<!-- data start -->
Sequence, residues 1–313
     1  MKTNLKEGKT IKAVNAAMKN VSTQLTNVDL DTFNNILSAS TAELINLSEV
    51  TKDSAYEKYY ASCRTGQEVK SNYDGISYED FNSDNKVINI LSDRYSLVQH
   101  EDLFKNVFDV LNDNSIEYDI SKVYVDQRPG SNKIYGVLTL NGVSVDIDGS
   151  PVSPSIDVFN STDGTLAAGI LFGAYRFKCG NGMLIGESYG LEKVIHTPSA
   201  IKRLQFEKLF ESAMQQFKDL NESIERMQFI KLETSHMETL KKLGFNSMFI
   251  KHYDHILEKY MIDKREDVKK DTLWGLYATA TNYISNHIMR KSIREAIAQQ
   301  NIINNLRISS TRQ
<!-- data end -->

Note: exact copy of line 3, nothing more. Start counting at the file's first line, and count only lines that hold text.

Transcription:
    51  TKDSAYEKYY ASCRTGQEVK SNYDGISYED FNSDNKVINI LSDRYSLVQH